JI Packer, Knowing God, p.27. 


'...meditation is a lost art today, and Christian people suffer grievously from their ignorance of the practice. Meditation is the activity of calling to mind, and thinking over, and dwelling on, and applying to oneself, the various things that one knows about the works and ways and purposes and promises of God. It is an activity of holy thought, consciously performed in the presence of God, under the eye of God, by the help of God, as a means of communion with God. Its purpose is clear one's mental and spiritual vision of God, and to let his truth make its full and proper impact on one's mind and heart. It is a matter of talking to oneself about God and oneself; it is, indeed, often a matter of arguing with oneself, reasoning oneself out of moods of doubt and unbelief into a clear apprehension of God's power and grace.' 
JI Packer, Knowing God, p.22.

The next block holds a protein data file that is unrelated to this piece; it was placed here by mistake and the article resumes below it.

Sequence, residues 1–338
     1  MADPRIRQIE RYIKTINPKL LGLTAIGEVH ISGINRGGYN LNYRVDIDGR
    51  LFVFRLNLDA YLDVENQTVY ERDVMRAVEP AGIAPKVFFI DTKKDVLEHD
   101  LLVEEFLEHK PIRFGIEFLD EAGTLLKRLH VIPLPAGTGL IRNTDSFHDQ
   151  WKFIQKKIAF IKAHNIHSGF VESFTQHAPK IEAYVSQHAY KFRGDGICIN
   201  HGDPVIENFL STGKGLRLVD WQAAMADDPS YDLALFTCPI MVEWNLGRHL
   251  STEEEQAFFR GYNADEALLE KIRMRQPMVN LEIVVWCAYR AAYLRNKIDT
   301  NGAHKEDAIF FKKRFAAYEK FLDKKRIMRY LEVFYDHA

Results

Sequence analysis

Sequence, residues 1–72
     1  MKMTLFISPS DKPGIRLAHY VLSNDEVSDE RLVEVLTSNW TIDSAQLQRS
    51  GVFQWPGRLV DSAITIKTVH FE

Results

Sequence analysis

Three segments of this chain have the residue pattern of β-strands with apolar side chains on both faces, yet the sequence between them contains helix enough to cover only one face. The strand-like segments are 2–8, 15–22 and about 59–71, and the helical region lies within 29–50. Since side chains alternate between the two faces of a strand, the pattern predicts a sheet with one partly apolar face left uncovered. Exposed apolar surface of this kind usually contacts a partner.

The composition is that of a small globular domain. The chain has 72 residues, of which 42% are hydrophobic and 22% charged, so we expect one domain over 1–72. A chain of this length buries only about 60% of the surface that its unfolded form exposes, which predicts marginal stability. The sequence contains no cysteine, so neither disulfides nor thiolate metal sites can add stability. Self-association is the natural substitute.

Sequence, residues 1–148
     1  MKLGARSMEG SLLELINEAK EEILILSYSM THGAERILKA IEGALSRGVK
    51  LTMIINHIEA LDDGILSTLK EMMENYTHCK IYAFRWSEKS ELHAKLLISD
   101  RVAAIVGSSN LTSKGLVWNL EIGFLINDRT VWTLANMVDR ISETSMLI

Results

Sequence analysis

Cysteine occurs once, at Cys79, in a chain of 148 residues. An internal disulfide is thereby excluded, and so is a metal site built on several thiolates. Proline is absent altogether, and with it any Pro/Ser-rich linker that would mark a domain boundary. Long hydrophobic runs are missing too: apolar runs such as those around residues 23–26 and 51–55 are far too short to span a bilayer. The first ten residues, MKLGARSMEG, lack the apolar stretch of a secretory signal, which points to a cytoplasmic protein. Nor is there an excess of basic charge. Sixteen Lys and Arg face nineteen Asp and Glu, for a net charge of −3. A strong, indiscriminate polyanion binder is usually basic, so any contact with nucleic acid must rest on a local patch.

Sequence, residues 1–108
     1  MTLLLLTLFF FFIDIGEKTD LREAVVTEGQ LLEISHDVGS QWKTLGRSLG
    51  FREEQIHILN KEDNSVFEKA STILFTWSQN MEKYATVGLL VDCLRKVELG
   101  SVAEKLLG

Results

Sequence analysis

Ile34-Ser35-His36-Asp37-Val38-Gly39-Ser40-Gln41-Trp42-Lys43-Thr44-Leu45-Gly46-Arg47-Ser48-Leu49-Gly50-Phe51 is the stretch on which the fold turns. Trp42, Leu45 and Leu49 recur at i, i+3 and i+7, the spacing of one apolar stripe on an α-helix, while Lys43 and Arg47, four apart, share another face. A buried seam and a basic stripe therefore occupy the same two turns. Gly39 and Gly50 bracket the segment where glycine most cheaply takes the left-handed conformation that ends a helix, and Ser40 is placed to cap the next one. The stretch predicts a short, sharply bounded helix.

'...if we pursue theological truth for its own sake, it is bound to go bad on us. It will make us proud and conceited. The very greatness of the subject-matter will intoxicate us, and we shall come to think of ourselves as a cut above other Christians because of our interest in it and grasp of it; and we shall look down on those whose theological ideas seem to us crude and inadequate, and dismiss them as very poor specimens. For, as Paul told the conceited Corinthians, "knowledge puffs up...the man who thinks he knows something does not yet know as he ought to know" (I Cor.8: If.). To be preoccupied with getting theological knowledge as an end in itself, to approach Bible study with no higher a motive than a desire to know all the answers, is the direct route to a state of self-deception. We need to guard our hearts against such an attitude, and pray to be kept from it.'